CENTREVILLE — Send students back to school was the resounding message of parents and students alike who spoke during the public comment portion of the Oct. 7 Queen Anne’s County Board of Education meeting. The public was allowed to comment in person, but individuals were allowed into the meeting room only one at a time due to COVID-19 restrictions.
As (COVID-19) numbers continue to improve, let our kids play, said Paul Simonetti. The parent of a student athlete, Simonetti said he was confident students could return to play safely. Fall sports are played primarily outside where the risk is even lower; players have to have a physical; and parents are willing to support transportation to these events, he said.
There was a parks and rec field hockey game played this fall already at Queen Anne’s County High School, Simonetti said, and parents are ready to fundraise to support the kids if money is a factor.
High school senior Isabella Fields wrote a letter to the board and also spoke during the meeting on behalf of fellow student athletes at Queen Anne’s County High School. She said these seasons could be the last time many of them are on the fields together.
“We really want a chance to play and the chance to get back in school,” she said, “We need this way to have fun and reduce stress.”
Fields said she is the type of student who learns better with in-person instruction and has struggled with the virtual classes.
“(It is) due dates that are tough to get to, 45 minutes (of instruction) two days a week and getting a PowerPoint thrown at us, being told to read it, learn it and take a test on it,” she said.
An emotional Nikki Morris of Stevensville, accompanied by her daughter, who is a sophomore at Kent Island High, said “I feel like we don’t have a voice as parents. This is serious. These kids need back to school.”
Morris was just one parent who voiced concerns over inadequate internet.
“Atlantic Broadband does not work for us,” she said, “(I am) begging you to get kids back in school, not just halfway. We can’t keep living out of fear.”
One suggestion to help high school students struggling with the lack of in-person instruction came from Jo Prince of Cloverfields. Prince, who works in another school system, thanked educators and administrators for their dedication in making adjustments and suggested a study hall for high school kids to come into the building for help with Schoology — the platform that QACPS students are using for online instruction. There is a need for human interaction, she said.
More than one parent mentioned being shamed by members of the school system because they didn’t agree with keeping schools closed.
Perhaps that perception is in-part due to concerns of educators themselves. Emotion in her voice, Karen Fields, president Queen Anne’s County Education Association and teacher, said members (94% of the respondents to their member survey) are concerned about returning to school buildings until measures are in place to ensure safest return possible.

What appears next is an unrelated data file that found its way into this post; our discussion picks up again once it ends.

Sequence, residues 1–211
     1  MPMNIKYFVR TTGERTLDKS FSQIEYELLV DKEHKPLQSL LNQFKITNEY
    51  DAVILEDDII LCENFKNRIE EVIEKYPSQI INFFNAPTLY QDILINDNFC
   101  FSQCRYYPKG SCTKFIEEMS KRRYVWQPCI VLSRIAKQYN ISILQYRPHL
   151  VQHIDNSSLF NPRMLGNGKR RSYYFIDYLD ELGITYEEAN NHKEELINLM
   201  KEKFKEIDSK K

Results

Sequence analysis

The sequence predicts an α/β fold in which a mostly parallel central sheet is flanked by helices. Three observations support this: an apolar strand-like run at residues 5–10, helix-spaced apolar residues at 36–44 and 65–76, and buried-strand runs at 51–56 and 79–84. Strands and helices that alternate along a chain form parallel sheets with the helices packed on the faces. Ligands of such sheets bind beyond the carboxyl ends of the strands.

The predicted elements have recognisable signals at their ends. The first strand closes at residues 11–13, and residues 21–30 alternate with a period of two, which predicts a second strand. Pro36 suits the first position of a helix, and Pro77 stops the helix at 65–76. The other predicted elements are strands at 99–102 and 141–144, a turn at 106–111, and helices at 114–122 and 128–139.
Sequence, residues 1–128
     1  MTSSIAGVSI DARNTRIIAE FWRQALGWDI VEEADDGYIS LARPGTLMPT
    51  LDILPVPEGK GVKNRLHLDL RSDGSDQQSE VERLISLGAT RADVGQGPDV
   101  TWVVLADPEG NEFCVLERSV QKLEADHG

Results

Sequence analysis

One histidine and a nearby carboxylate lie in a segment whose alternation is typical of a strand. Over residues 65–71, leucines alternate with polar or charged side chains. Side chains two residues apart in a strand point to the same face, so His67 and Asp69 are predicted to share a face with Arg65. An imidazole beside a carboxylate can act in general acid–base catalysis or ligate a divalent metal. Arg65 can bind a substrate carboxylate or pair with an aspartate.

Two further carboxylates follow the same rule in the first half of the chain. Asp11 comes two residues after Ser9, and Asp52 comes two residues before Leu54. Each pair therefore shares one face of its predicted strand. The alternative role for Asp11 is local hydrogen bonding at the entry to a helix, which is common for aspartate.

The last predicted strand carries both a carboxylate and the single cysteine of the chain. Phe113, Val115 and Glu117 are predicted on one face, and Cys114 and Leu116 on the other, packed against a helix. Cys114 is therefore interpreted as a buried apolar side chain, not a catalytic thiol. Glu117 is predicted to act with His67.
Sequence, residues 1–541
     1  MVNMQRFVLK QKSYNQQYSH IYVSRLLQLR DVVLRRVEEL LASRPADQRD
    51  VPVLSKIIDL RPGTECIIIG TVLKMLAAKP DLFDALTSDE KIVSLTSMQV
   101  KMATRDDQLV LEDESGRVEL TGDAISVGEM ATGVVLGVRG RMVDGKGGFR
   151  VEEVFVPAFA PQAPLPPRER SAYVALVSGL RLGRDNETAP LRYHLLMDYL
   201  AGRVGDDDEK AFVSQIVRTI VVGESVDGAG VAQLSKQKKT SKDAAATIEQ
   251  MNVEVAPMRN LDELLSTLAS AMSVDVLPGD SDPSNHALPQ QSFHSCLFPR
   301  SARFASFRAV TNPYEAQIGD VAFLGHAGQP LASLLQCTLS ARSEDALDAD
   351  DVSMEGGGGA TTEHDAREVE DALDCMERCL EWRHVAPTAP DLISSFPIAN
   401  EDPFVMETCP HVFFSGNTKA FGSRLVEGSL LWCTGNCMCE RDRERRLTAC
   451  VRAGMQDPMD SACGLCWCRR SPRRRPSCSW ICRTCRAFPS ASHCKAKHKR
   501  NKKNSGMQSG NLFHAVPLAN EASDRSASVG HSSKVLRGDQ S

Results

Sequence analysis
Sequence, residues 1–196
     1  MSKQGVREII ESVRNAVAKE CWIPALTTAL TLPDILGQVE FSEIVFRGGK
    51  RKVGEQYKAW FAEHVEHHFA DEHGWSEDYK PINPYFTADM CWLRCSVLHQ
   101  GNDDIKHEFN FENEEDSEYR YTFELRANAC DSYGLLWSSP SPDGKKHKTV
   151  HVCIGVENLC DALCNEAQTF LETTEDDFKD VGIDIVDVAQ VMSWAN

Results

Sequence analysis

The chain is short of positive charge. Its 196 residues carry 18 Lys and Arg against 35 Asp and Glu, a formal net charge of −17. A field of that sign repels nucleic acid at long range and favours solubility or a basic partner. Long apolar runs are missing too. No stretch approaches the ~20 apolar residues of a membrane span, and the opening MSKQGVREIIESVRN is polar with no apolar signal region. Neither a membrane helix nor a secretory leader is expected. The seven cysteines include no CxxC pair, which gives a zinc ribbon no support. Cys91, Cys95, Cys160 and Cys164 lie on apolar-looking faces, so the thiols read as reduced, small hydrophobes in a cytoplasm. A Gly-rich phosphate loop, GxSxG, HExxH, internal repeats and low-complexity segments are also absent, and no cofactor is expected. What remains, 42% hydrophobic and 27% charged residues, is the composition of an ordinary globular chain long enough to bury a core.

“With flu season ahead and a fall season that experts predict will see an in increase in COVID cases …. a hurried and unprepared response to return to school will significantly compromise health and safety of school community,” Fields said.
Concerns included purification systems for the health suites and help for the custodial workers. Fields said she is worried that day and evening custodians will not have enough time to clean and disinfect.
Fields also said she is worried that schools will not have the bandwidth for virtual and in-person learning taking place simultaneously.
Still internet problems are an issue for those at home. Jed Cohen, a seventh-grader from Centreville, voiced his concerns about lack of reliable internet. “I cannot do much from my house. I think we should go back to school because that would mean no more Google Meets. I am definitely an advocate for going back,” he said.
A very frustrated Chris Blanton of Church Hill told the board he had spoken to them last month and received no reply to his concerns. There has been no response to how the school board could help struggling families, he said.
“I was rudely told to go and ask the commissioners for more money, he said. “Shockingly, there are students still waiting on Chromebooks.”
Last month, Blanton said, “I asked if you expect parents to quit their jobs to teach their kids … we are not teachers. We need you to do your jobs.
“Taxpaying voters want their kids to learn so they can flourish and not be left behind,” he continued, ”It must be nice to sit an ivory tower and look at the peasants as they struggle to assist their kids with an education while they try to make ends meet. I guess if I made $170,000 off the taxpayers money I could afford to get extra schooling, but unfortunately I and thousands of other parents cannot.”
Blanton also raised the question of attendance. He said he knows of many students who are not attending or participating in school virtually.